Pittsburgh Steelers coach Mike Tomlin stormed out of Monday’s post-game news conference when a reporter began to ask about his soon-to-expire contract. Tomlin’s team had just lost to the Buffalo Bills, marking another early exit from the NFL playoffs.

The episode elicited plenty of commentary from pundits, including Sports Illustrated’s Michael Rosenberg, who urged readers to consider Tomlin’s skin color before criticizing his actions.

“Tomlin is the most successful black coach in the history of a sport with a deplorable record of hiring black coaches. That comes with a burden and a responsibility that he did not request and cannot escape,” Rosenberg wrote. “Successful white coaches get to assume any criticism is just about their coaching. That is a perk of their privilege. Tomlin does not have that option.”

Rosenberg added: “If the most successful black coach in NFL history doesn’t get the respect he deserves, then how can black assistants get the opportunities they deserve?”

Suggesting that Tomlin was subject to a “racial double standard” and “racial bias,” Rosenberg acted like a typical corporate media elitist who views everything through the prism of race.

ESPN’s Brooke Pryor never got a chance to finish her question Monday because Tomlin left the room. Some pundits pointed to poor timing, but to suggest the question was disrespectful because of Tomlin’s skin color is just ridiculous.

Fortunately, another successful black coach—Todd Bowles of the Tampa Bay Buccaneers—took a different approach when race-obsessed reporters asked him about facing Tomlin before an October 2022 game.

“I have a very good relationship with Tomlin. We don’t look at what color we are when we coach against each other. We just know each other,” Bowles quipped. “I have a lot of very good white friends that coach in this league as well, and I don’t think it’s a big deal as far as us coaching against each other, I think it’s normal.”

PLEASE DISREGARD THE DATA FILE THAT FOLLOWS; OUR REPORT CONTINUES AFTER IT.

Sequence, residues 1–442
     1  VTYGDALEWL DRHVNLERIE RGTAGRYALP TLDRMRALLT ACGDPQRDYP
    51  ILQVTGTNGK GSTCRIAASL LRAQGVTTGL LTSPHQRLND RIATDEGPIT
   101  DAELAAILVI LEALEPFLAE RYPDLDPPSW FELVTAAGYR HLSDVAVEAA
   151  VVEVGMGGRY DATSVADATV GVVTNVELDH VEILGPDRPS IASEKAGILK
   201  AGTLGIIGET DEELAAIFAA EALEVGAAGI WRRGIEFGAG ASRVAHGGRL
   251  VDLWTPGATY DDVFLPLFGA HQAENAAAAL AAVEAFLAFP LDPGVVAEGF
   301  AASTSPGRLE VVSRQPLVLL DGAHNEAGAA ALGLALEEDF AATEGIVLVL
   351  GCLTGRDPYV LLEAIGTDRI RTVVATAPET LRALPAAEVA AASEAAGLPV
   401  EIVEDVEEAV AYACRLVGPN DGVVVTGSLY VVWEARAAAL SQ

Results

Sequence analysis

He added, “We coach ball. We don’t look at color.”

Not content to move on, another reporter then questioned how Bowles couldn’t understand how “representation matters” to aspiring black coaches.

A clearly annoyed Bowles shot back: “When you say, ‘see you guys’ and ‘look like them’ and ‘grow up like them,’ means that we’re oddballs to begin with. And I think the minute you guys stop making a big deal about it, everybody else will as well.”

For decades, media outlets have anguished over the skin color of NFL coaches. Jerod Mayo, introduced as the new head coach of the New England Patriots, was asked about it twice at his news conference Tuesday.

In 2003, the NFL adopted the Rooney Rule, named after Dan Rooney, the late owner of the Steelers and former President Barack Obama’s ambassador to Ireland. The Rooney Rule is the league’s version of affirmative action, requiring teams to interview minority candidates for head coaching jobs and other positions.

Even as corporations start to shed toxic so-called diversity, equity, and inclusion policies and some colleges begin to abandon illegal race-based admissions, don’t expect the same of the NFL. It will take more than outspoken leaders like Bowles to bat down reporters’ race-baiting questions.

Tampa Bay Buccaneers head coach Todd Bowles and Pittsburgh Steelers head coach Mike Tomlin shake hands during a preseason game at Raymond James Stadium on Aug. 11, 2023, in Tampa, Florida. (Photo: Mike Ehrmann/Getty Images)

As for Tomlin, since that fateful press conference Monday, he’s promised to return to the Steelers for another year. As a lifelong Steelers fan, I’m glad he’ll be back. He’s never had a losing season. And yet I’m as frustrated with his playoff performance as other Steelers fans.

Over the course of his 17 seasons, Tomlin’s playoff record is 8-10. After winning the Super Bowl in his second season as coach, he has disappointed Steelers fans, particularly in recent years. The Steelers set an NFL record for allowing 202 points to be scored on them over their last five playoff games.

There are certainly other factors to blame for the Steelers’ recent Super Bowl drought. But that doesn’t make Tomlin immune from criticism. Running back Najee Harris, for example, pointed to a lack of discipline, which falls squarely on Tomlin’s shoulders.

“The standard is the standard,” Tomlin is known for saying.

In that spirit, let’s judge the man on his record, not his race.

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